# How to find the intersection of union of two circle groups

I have two groups of circles. S1 is the union of the first group and S2 is the union of the second group of circles. I know center and radius of all circles. I have to find the equation for the intersection of S1 and S2. Is there anyway to do it?

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For the sake of searchability, "circle group" has a different and precise mathematical definition (en.wikipedia.org/wiki/Circle_group) so it might be better to say something like "collection of circles." – Qiaochu Yuan Aug 3 '12 at 21:08
What do you mean by the "equation" for the intersection? The area? – mjqxxxx Aug 3 '12 at 21:12
I mean any mathematical representation of the area that i am looking for. – kotoll Aug 3 '12 at 21:20
The description you gave (the intersection of the respective unions of two known collections of circles) is already a mathematical representation of a subset of the plane. Whether there is another, more useful, representation depends on what you want to do with it. If you want to test whether a given point belongs to the intersection, that description is probably fine. If you want the perimeter or the area or the number of disjoint closed components, then not so much. – mjqxxxx Aug 3 '12 at 22:01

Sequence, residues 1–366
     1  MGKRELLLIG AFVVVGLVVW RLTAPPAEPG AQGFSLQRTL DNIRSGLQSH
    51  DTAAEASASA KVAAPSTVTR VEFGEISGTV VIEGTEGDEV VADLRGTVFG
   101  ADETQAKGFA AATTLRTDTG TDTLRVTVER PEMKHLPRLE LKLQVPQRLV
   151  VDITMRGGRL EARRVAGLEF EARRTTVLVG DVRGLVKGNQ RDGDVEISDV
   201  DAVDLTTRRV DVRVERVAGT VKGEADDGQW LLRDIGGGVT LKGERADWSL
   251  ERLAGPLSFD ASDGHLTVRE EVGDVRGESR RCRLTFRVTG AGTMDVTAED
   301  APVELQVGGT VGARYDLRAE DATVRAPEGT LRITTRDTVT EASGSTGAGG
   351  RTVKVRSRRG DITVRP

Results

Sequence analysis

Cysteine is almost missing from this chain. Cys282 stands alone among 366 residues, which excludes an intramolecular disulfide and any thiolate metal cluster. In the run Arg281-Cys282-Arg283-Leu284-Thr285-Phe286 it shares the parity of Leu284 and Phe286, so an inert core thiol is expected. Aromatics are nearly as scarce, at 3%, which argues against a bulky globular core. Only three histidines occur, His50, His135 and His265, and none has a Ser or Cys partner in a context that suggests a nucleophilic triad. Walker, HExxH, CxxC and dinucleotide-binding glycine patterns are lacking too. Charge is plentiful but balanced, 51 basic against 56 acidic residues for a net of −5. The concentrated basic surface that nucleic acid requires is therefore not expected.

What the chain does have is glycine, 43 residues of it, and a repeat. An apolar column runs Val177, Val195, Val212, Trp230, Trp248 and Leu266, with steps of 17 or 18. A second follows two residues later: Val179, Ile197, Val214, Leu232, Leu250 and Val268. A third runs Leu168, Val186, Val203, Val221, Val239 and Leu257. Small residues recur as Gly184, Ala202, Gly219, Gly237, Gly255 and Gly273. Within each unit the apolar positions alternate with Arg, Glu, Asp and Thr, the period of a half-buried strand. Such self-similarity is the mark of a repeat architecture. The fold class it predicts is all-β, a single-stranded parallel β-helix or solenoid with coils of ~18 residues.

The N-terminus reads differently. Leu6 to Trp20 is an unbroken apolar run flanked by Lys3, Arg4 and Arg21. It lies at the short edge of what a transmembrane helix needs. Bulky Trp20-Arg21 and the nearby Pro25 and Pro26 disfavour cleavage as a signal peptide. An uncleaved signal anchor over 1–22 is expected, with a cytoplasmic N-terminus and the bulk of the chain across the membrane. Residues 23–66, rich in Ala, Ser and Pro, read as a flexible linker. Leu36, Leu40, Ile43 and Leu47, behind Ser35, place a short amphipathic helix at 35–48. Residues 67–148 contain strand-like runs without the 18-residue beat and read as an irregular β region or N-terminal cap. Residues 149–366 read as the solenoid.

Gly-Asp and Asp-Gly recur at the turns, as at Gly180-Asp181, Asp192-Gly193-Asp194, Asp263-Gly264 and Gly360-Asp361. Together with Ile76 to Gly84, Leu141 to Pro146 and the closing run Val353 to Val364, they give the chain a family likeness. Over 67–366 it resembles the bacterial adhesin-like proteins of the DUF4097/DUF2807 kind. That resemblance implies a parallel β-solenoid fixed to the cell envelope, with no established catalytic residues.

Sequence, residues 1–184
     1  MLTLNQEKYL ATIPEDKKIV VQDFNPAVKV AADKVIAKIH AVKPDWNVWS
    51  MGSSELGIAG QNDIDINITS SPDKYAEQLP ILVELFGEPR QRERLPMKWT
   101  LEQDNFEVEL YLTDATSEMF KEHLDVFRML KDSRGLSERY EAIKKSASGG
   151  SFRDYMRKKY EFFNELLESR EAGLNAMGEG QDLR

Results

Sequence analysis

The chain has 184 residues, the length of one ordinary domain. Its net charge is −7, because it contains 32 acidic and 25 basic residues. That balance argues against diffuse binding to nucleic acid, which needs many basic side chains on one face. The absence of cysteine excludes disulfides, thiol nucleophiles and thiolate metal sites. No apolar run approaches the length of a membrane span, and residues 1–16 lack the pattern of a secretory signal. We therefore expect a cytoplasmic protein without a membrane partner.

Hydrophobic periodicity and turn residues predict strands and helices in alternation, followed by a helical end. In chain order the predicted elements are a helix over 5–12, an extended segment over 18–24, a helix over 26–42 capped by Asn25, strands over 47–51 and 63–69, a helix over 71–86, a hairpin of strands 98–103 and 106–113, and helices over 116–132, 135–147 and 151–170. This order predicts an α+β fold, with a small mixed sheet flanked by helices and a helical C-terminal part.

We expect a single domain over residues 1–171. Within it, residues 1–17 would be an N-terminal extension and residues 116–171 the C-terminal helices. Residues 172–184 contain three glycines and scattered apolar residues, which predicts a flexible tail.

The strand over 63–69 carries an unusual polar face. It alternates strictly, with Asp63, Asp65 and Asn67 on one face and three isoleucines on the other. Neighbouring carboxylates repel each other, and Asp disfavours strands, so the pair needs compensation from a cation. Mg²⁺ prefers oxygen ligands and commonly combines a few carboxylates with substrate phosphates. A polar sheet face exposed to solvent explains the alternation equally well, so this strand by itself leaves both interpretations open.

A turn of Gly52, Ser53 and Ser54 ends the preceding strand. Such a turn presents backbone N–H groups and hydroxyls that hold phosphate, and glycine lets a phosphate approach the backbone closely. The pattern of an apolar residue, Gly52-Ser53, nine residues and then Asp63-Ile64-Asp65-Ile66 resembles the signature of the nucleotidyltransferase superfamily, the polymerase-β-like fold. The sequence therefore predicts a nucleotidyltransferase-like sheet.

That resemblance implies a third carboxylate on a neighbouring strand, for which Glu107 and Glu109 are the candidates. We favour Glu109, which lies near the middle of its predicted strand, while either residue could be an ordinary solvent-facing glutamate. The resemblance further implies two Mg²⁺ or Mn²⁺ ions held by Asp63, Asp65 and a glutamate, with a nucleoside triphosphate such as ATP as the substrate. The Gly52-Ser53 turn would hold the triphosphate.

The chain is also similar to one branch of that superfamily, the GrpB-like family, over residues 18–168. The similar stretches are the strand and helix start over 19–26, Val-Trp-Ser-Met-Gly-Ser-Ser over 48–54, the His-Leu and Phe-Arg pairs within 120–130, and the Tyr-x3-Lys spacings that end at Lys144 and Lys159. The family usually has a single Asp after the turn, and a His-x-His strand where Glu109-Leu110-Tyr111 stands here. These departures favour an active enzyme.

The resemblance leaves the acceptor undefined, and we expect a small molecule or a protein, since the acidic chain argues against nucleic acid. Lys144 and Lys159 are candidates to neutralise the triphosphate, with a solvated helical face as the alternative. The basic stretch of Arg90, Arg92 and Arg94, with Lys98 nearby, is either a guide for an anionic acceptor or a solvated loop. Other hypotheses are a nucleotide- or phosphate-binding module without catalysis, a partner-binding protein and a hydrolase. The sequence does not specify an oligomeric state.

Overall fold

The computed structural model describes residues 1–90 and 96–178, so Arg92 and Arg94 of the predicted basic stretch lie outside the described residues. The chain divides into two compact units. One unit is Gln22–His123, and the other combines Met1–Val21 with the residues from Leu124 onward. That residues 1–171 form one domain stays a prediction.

## 1 Answer

Intersection of unions is the union of intersections (intersection is distributive over union): $$\left( \bigcup_{c\in \mathcal S_1}c\right)\cap \left(\bigcup_{c\in \mathcal S_2}c\right)=\bigcup_{c_1\in \mathcal S_1,c_2\in\mathcal S_2}(c_1\cap c_2)$$ So you can just intersect individual circles and take union of the intersections.

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But the problem is for how to select individual circles from each group? I mean say that you selected c1 from S1 and then which circle from S2? Or do you have to check c1 with every circle in S2 and do same thing for all S1? How can you do that? – kotoll Aug 3 '12 at 21:43
@kamuran: you don't select them; you intersect every single pair. That's what the union means: you take union over all pairs. You can write it as $\bigcup_{(c_1,c_2)\in \mathcal S_1\times \mathcal S_2}$, if you prefer... – tomasz Aug 4 '12 at 1:06